More than a third of charities blame 11 September for reducing their income, the annual charity survey from law firm Charles Russell has found.
In total, 19 per cent said the terrorist attacks had caused a "significant decrease" in their funds, while 17 per cent said they had suffered "some decrease".
The survey, which will be unveiled today at Charles Russell's charity conference, covered 100 charities, split evenly between those with income under £1 million, between £1 million and £10 million and those over £10 million. Interviews were conducted with finance directors or equivalents.
According to the survey, 28 per cent of respondents blamed the terrorist attacks for the reduction in the value of investments. A further quarter said the fall in the number of tourists had led to a fall, while 19 per cent mentioned hikes in insurance premiums.
The downturn in the stock market over the past year was cited by 61 per cent of charities as having a negative impact on their finances. Just over a third of respondents said their investment portfolio had diminished in value. Predictably, larger charities have been the hardest hit, with 83 per cent of charities with income above £10 million saying the decline had been "significant".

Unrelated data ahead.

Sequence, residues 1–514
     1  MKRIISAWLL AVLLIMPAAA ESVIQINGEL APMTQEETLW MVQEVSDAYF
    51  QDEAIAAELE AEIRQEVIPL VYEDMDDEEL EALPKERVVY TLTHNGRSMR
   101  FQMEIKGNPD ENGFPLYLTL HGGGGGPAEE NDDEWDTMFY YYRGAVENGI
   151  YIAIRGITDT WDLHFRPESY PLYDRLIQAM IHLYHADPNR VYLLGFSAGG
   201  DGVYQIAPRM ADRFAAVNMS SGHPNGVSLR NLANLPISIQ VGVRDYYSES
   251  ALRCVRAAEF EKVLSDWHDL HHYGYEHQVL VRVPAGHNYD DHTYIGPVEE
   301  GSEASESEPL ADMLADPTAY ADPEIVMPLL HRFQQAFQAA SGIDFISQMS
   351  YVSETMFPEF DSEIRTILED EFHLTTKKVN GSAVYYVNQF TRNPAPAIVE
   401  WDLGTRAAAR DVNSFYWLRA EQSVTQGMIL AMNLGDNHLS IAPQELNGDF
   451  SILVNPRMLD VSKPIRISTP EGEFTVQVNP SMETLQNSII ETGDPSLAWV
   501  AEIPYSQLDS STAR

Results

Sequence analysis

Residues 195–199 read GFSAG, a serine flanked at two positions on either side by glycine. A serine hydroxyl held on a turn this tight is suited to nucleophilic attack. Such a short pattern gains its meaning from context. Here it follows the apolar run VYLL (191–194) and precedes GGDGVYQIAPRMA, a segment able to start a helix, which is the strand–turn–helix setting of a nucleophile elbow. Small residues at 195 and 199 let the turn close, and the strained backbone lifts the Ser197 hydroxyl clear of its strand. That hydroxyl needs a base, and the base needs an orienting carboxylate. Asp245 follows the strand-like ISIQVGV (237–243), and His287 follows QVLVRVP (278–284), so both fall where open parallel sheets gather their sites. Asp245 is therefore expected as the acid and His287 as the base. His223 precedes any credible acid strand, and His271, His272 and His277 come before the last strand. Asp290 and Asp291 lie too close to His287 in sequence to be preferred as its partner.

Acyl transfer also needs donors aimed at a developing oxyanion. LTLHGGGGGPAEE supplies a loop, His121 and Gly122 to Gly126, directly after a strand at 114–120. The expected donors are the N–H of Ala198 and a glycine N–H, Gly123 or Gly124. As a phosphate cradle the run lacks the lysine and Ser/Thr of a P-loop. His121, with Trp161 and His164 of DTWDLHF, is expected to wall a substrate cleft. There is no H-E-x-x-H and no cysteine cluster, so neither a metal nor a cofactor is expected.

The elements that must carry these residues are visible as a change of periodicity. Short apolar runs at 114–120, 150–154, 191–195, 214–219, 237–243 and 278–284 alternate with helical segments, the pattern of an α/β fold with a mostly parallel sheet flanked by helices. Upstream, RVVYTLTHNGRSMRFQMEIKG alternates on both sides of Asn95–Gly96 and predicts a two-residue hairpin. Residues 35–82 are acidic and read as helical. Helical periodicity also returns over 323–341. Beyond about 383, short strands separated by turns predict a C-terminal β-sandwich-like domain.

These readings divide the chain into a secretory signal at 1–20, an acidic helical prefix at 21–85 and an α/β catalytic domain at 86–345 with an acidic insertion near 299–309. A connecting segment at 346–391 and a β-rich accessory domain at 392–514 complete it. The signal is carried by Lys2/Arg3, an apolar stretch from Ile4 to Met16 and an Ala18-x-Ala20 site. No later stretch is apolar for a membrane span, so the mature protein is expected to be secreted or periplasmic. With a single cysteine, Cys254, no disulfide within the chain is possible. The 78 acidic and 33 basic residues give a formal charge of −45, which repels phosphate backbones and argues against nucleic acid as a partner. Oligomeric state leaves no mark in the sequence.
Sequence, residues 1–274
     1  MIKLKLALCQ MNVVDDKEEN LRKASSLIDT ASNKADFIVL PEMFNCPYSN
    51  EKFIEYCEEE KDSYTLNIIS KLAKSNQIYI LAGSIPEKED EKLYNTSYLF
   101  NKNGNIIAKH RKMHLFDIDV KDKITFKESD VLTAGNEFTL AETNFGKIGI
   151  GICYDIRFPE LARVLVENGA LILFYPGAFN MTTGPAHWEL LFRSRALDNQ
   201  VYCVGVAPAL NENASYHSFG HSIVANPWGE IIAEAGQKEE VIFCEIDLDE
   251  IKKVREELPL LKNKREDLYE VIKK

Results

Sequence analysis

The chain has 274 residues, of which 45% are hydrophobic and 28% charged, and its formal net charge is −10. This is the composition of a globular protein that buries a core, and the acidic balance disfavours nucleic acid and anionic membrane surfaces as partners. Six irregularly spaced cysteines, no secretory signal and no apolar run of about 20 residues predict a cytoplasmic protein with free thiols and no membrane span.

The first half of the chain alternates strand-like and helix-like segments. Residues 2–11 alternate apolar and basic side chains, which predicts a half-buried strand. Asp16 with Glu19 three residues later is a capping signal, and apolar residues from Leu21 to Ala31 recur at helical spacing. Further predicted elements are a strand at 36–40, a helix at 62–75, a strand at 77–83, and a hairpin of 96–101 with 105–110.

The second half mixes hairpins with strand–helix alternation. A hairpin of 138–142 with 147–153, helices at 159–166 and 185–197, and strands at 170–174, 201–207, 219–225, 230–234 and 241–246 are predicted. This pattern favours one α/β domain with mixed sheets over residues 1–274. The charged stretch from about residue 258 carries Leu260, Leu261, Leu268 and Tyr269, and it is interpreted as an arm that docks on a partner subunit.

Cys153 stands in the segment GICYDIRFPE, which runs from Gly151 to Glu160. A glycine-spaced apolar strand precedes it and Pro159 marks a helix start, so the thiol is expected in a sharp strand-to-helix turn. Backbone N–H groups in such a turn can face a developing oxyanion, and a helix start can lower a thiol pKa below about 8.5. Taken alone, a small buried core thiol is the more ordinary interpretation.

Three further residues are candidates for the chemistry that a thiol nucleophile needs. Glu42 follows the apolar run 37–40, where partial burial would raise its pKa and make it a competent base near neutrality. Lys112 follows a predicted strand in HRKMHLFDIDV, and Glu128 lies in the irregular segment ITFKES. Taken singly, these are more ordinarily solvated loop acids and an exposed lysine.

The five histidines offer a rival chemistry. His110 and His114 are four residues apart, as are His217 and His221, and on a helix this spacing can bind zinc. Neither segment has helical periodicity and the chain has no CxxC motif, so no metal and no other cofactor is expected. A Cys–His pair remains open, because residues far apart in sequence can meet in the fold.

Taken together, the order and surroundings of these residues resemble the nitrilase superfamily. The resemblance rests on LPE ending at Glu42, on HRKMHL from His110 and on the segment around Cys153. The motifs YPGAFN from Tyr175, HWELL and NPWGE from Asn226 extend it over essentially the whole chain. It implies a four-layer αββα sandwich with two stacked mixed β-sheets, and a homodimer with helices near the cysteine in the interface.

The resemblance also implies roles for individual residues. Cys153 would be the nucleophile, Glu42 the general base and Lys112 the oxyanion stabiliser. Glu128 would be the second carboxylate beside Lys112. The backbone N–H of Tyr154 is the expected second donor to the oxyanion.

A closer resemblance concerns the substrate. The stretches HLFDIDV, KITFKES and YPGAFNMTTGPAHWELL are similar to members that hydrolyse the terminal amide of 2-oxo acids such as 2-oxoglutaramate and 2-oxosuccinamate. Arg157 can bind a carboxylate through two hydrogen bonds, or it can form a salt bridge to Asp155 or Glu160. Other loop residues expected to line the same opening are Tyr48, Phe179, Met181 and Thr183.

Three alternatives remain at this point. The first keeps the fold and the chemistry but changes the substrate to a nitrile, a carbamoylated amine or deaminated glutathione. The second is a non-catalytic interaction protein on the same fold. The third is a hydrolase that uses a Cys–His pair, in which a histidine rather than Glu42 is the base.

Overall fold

Kevin Sims, director of market research company the Charity Fund Partnership, which is conducting its own research into the charity investment market, said that the survey provided a warning about the sustainability of some charity activity. "One of the largest professionally managed UK pension schemes (USS) has recently announced a 24 per cent reduction in the value of its investments over the past seven months. If, as seems likely, anything approaching this scale of decrease has been witnessed by charities then it could have serious consequences on their ability to work to the same extent as before," he said.
The survey also gives some indication as to the size of the "dent" in charitable assets. In last year's survey, 24 per cent of charities had less than £2 million in funds. This has grown to 39 per cent this year.
While income from investments has fallen, the area remains the most popular source of core funding with 85 per cent of the bigger charities using it.